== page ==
I’ve been wanting to do a solo bike overnight since 2018 when I started bikepacking but fear has kept me from that. This past May, I had the opportunity to bikepack through a remote area of Spain with 50 other women, leapfrogging each other over the 8 days and camping in various spots. During this trip, I spent a lot of time riding alone and felt safe. Shortly after, I decided I would attempt a solo trip on a route that I’d done many times with various friends and with Radical Adventure Riders ATL (RAR ATL).
The route is approximately 30 miles each way, and is an area just outside of Atlanta that has some great gravel sections that are fun to ride on for both new and experienced riders alike. The roads are quiet and the cars are a bit nicer because they are used to cyclists. I waited until later in the day to leave for the trip, as I was trying to avoid the heat, but I think that only saved me about 3 degrees! The route itself provided lots of scenery – one of the reasons I love this route – it’s so close to the city but you head out and are quickly in verdant oasis and on quiet gravel roads.
Menu wise, I wanted something hearty but simple and that wouldn’t get extremely hot while I was riding in 90 degree weather. For dinner, I made maple baked beans and basmati rice with a maple vinaigrette side salad. The side salad included tomatoes from my garden, plus carrots, cucumber and a mix of lettuces. Because of the heat, I pre made most items to keep things easy.
The day before, I whisked together the items below, minus the salt and pepper, in a mason jar. I added the salt and pepper at the end to taste as needed. I put the vinaigrette in my camp kitchen jar and let it sit in the fridge overnight. In addition, I put water in my frame shaped bladder and popped it in the freezer. I put the salad into a reusable sandwich bag. I pre cooked the rice and let it cool before adding it to my pack. For the beans, I sauteed some onions and put them in a reusable Ziplock that I packed in my frame bag. Before leaving the house, I stored the salad with the iced frame bag to keep the veggies cool while I rode.
Untapped Maple Vinaigrette
¼ cup – extra virgin olive oil
2 packets – Untapped Maple Syrup Gel
2 tablespoons – apple cider vinegar
2 tablespoons – lemon juice
½ teaspoon – Kosher salt, to taste
¼ teaspoon – black pepper, to taste
When I got to camp, I heated up the rice and then set it aside. I reheated the onions a bit, added the beans and one full packet of maple syrup to the pan. I poured the beans over the rice. Next, I plated the salad and mixed in some cranberries and almonds, shook up the dressing a bit then drizzled it all over the salad. The maple in the dressing combined with the maple of the beans was a nice flavor and not overly sweet. I love this meal because it’s hearty but didn’t feel over the top,especially with the high temperatures. I made all of this right before nightfall, and was rewarded with slightly cooler temperatures when it was time to get into my tent.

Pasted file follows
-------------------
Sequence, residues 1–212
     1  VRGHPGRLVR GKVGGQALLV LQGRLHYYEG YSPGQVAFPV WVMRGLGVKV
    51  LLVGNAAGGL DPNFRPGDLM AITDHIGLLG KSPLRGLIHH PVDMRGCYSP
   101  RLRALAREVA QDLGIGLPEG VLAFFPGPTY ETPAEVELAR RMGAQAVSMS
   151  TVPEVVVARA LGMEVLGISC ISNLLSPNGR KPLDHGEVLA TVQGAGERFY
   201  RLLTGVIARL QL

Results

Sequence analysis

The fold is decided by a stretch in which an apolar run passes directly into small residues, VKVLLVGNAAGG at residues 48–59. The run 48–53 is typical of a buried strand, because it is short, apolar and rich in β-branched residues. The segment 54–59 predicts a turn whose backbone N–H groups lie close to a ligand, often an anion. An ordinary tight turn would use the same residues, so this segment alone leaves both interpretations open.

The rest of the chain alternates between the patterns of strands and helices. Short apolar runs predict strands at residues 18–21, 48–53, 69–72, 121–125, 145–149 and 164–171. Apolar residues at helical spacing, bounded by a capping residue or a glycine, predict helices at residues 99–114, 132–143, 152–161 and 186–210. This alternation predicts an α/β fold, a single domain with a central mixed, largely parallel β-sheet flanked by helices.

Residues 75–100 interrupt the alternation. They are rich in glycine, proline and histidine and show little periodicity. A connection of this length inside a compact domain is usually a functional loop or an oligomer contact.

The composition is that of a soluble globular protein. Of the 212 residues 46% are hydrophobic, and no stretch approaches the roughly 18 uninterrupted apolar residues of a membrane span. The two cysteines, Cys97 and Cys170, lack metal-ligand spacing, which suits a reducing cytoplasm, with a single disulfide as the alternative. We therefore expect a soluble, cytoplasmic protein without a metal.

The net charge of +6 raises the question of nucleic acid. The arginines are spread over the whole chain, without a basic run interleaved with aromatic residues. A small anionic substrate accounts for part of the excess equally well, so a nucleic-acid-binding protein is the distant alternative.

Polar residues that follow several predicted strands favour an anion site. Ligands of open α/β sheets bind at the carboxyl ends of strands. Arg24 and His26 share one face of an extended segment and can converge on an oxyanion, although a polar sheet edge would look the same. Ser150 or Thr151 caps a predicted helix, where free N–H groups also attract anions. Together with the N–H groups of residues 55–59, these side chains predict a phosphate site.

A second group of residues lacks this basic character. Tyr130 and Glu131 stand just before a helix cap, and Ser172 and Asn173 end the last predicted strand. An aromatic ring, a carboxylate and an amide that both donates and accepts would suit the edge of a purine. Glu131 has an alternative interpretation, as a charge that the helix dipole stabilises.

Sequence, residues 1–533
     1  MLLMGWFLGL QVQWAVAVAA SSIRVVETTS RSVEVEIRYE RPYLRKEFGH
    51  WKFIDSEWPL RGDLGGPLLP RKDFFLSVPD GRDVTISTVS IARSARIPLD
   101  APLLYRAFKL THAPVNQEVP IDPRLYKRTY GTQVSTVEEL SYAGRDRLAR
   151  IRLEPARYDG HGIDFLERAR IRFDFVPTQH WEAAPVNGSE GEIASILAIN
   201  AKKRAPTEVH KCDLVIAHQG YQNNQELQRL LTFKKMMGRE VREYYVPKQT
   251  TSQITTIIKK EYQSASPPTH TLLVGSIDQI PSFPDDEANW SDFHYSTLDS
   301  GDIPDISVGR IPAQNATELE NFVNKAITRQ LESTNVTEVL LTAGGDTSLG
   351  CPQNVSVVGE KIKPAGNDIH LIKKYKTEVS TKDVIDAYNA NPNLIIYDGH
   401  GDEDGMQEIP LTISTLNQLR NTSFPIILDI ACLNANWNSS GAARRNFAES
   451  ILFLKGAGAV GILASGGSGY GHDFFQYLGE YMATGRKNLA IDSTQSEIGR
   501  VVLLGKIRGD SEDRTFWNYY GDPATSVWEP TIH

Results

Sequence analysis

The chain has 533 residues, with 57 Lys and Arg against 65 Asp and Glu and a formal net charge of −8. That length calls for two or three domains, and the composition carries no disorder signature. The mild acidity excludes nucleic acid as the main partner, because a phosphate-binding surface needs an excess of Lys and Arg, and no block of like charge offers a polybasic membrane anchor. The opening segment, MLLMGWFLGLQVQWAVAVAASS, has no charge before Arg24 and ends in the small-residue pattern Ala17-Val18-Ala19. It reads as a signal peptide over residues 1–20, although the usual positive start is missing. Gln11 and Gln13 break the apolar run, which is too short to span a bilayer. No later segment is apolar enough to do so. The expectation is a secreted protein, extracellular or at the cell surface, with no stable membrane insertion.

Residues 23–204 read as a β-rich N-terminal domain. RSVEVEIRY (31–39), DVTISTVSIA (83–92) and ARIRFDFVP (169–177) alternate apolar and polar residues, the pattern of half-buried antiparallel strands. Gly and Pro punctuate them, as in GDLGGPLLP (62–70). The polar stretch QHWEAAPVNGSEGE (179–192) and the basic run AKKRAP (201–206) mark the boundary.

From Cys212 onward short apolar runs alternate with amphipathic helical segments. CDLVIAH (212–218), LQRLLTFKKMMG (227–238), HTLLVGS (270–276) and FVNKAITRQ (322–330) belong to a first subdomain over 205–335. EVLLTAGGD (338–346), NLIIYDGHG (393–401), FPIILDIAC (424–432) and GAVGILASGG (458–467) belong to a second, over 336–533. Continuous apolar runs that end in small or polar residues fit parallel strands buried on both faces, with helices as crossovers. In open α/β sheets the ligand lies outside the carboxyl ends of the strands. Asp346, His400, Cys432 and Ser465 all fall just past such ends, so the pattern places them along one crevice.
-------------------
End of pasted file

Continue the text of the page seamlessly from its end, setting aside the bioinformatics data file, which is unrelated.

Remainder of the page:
The next morning, I was up with the sun at 6 am making my coffee, with an added kick of an UnTapped Maple Salted Cocoa Gel. My plans for breakfast were an experiment so I wanted to make sure I had plenty of time. The trickiest part about making more complex camp recipes is controlling the stove fire levels so things don’t burn.
Maple toasted apples with quinoa
½ of a small-medium apple
½ cup – quinoa
1 teaspoon cinnamon
1 teaspoon nutmeg
1 packed UnTapped Maple Syrup
Small amount of extra virgin olive oil
The day before, I portioned out the quinoa and added the nutmeg and cinnamon and threw it all in a sandwich bag to keep it simple once I got to camp. First, I cooked the quinoa as directed, then set aside for five minutes. I added a bit of olive oil to the pan, then lightly heated the apples, adding the maple syrup packet after a couple of minutes to coat the apples. Depending on what pot you have, you may need to heat the apples a bit then just keep them covered with the fire off to let the heat soften them slowly. Keeping the fire low here keeps them from burning or from overcooking the maple syrup. I used my spork to check the apples, and turned the burner off when they felt soft. I added the quinoa to the pot and mixed everything together. From there, I added the almonds and cranberries. I love this meal because the quinoa mixes it up a bit from your traditional oatmeal but is still really filling for that morning ride boost. If you want to make the meal even heartier, you can add some peanut butter. This is my most delicious breakfast to date!
After I packed up, it was a smooth ride home with minimal traffic and I even managed to grab an iced coffee before getting back to the house. I’m grateful for the opportunity to experience a solo overnight and continue to build my confidence as a bikepacker and a woman of color in the outdoors. For my next trip, I’m hoping to do a multi day solo overnight along a dedicated trail system with walk-in tent campsites, during the cooler months!
All Photos Courtesy of Dessa Lohrey